June 15, 1951 Preliminary hearing, August 22, 1952 First order to show cause issued, September 16, 1952 Formal hearing thereon, before three committee members but no decision made, * * * * * * * * * July 21, 1954 New complaint (on identical charges) filed by new chairman of administrative committee, and another order to show cause issued, September 13, 1954 Hearing held, September 22, 1954 Findings of fact and recommendations as to discipline made, signed by five members of committee, October, 1954 Administrative committee record lodged with State Bar Secretary, November 4, 1954 Respondent notified of their finding, June 11, 1955 Hearing before Board of Governors, and matter decided same date, July 6, 1955 Record certified to this court.
It will be noted that more than four years elapsed between the initiation of this proceeding and the filing of the record thereof with this court. This delay on the part of the Local Administrative Committee, in our opinion was inexcusable and constitutes a reflection on the State Bar of Arizona. Certainly it was not in keeping with either the letter or the spirit of our rules governing such matters. Rule 35(a) provides:"* * * the committee shall proceed with the hearing unless for good cause shown they shall continue the hearing. No continuance shall be for a longer period than thirty days nor for periods aggregating more than ninety days without the approval of this court."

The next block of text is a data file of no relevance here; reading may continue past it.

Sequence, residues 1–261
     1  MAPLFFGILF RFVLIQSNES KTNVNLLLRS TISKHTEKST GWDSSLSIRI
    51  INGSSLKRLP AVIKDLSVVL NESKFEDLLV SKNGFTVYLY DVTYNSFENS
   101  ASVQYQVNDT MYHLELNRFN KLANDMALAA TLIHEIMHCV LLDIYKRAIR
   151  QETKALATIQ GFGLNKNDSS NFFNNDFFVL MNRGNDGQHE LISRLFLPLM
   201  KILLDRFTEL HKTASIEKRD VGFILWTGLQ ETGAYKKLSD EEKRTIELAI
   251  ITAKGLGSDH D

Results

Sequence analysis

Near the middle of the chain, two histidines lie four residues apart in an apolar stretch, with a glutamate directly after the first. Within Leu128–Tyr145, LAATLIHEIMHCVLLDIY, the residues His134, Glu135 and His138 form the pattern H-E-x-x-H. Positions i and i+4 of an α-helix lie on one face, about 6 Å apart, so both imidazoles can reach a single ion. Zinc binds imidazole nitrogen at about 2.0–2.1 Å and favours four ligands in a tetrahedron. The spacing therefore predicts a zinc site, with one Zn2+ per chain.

and Rule 35(d) provides:"Upon conclusion of the formal hearing, the committee shall promptly determine whether the charges shall be dismissed or the member disciplined."
Until the matter was lodged here we were not even aware that such a proceeding was pending. This court at no time had approved of any continuances in the proceedings below. It appears that this delay was due in part to the fact that the chairman in charge of the first hearing moved away. However, the matter "slumbered" for a period of twenty-two months with the local administrative committee, and counsel for respondent had a hard time convincing the committee, then acting, that the formal hearing required under the rules had already been held. His motion to dismiss the second proceeding for undue harassment was denied. Finally the matter was decided upon written documents admitted in evidence and the testimony given by respondent at the prior hearing held on September 16, 1952, coupled with the deposition *126 of complainant. In the meantime however three new members had been added to the committee and necessarily their decision was based solely upon the written record.